While the previous two TechTips focused on the prefixes for different types of variables, this one is about the name itself. Here I explain why using simple names is of paramount importance to writing better code.
Choosing appropriate names for variables is as critical as correctly using the prefixes. Check out the previous two TechTips for a quick refresh on prefixes. For instance, W_DF is not very informative, but W_DeliveryFee or W_Delivery_Fee is. Choosing appropriate, meaningful names for variables makes your code more efficient in the sense that you’ll waste less time understanding and maintaining it later.
Other than the words themselves, you need to use some sort of separation between them to increase readability. “Modern” languages typically use something called “camel case.” The idea behind this funny name is that you capitalize the first letter of every word contained in the variable name, like W_DeliveryFee, thus creating a camel-like “hump” in the middle of the word’s “back.”
Another option is using the underscore character (_) to separate the words. This can create longer variable names, but it simplifies complicated names such as P_usdtoeur, which becomes P_USD_to_Eur. I usually use the underscore to separate the words, but as I said, this can lead to very long variable names. When the name gets too long, I switch to camel case.
Speaking of long names, did you know that the maximum length allowed by RPG for a variable is 4,096 characters? While it doesn’t make any sense whatsoever to even consider using such a long name, always keep in mind that you need to find the right balance between readability and maintainability: W_I_use_this_variable_to_store_the_value_converted_to_integer is way too long, while W_Converted_to_Int is equally informative but much more maintainable. However, this raises a question: You probably noticed that I abbreviated “integer” to “int”; should you abbreviate words in variable names?
The answer is “sometimes.” When the abbreviation is a common one, such as “Qty” for “Quantity” or “Amt” for “Amount,” you should, in my opinion, abbreviate it. Don’t abbreviate other words, though, or you’ll jeopardize your recently earned readability. For example, consider a variable that will hold a consistency check. It’s okay to abbreviate “check” as “chk” because that’s a fairly well-known abbreviation. However, don’t even consider abbreviating “consistency,” or you’ll risk confusing it with some other word starting with “C” later, when you (or another programmer) reads the code in a couple of months. So, a work variable related to a consistency check could be named W_Consistency_Chk, but not W_Cnstcy_Chk.
Naming Procedures and Functions
I’ve already mentioned the golden rule of function naming a couple of times in previous TechTips of this series, but it’s worth mentioning again: Function names should always start with a verb (which can be abbreviated or not, like a variable name) followed by the object over which the action (or the verb) is going to be performed. They should also be descriptive enough for a programmer to understand what the function does, in broad terms, without having to look at the function’s code. For instance, Retrieve_Item_Qty is the name of a function that retrieves the quantity of a given item; Itmqty, or anything similar, is just rubbish!
If your functions are built in such a way that they perform only one task, choosing an adequate name shouldn’t be a problem. In fact, if you look at any given function and find it hard to name, consider reviewing the function and splitting it into several smaller functions. If your function performs several tasks, then it shouldn’t be just one function. A good example of this is the Rtv_DayOfWeek function from earlier in the series, which can be split into two. In case you don’t remember, the original function performed two tasks; it calculated the day of the week, producing a numeric value that corresponded to each day (1 for Monday, 2 for Tuesday, and so on), and then it translated that numeric value into a human-readable value (Monday, Tuesday, etc.). So you can assign each of the tasks to a new function and name it appropriately: Clc_DayOfWeek and Rtv_DayOfWeek, respectively.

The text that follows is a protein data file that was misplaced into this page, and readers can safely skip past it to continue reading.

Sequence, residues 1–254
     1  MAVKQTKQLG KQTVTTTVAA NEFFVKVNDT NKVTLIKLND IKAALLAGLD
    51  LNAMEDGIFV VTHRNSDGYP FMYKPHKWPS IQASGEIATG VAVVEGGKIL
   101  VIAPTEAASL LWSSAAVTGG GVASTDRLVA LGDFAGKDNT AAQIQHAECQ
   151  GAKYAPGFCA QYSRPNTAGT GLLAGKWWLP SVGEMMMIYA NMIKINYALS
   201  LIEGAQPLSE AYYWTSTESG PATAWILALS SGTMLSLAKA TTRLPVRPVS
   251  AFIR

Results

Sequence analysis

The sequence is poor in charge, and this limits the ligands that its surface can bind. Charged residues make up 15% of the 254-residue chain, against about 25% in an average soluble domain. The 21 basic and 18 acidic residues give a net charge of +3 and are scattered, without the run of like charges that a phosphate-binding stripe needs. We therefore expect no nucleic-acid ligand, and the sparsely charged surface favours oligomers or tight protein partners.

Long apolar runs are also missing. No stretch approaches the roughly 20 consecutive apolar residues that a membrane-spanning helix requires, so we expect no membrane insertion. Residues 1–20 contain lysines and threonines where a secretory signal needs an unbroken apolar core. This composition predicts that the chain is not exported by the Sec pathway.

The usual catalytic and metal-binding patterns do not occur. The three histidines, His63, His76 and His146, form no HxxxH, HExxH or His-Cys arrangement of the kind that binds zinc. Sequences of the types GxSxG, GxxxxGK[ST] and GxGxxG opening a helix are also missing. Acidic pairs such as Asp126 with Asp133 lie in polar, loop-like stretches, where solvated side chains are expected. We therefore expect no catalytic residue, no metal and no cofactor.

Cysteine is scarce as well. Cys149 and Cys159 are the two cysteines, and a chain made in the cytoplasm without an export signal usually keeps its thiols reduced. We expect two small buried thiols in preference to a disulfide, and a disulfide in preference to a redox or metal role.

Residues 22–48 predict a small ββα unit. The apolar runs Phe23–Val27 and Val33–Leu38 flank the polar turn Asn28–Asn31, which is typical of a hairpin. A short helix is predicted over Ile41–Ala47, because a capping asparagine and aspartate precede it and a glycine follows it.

Naturally, there are always exceptions to this rule. Functions also encapsulate complex functionality, providing the programmer with a “black box” or API that he or she can use without caring how the function does what it does, and allowing the programmer to focus on the result that it makes available instead. This is the type of situation in which documentation helps a lot.
Some gurus advocate that you should prefix the function name (the verb+subject I mentioned earlier) with the name of the module. For instance, if the Clc_DayOfWeek and Rtv_DayOfWeek functions were included in a generic module named Dates, their names would be Dates_Clc_DayOfWeek and Dates_Rtv_DayOfWeek, respectively. While I don’t disagree with this naming convention, it has advantages and disadvantages. A big, yet manageable disadvantage is that the procedure names get longer, which can lead to some annoying misspellings. The main advantage is eliminating the risk of duplicated procedure names in two (or more) different service programs, which could cause a compilation error further down the road if you try to compile a program that uses both of those service programs.
The next TechTip will continue to discuss naming conventions, focusing on physical and logical file names. Until then, feel free to share your knowledge and experience with the rest of the readers in the comments section below. It’s always nice to hear from you!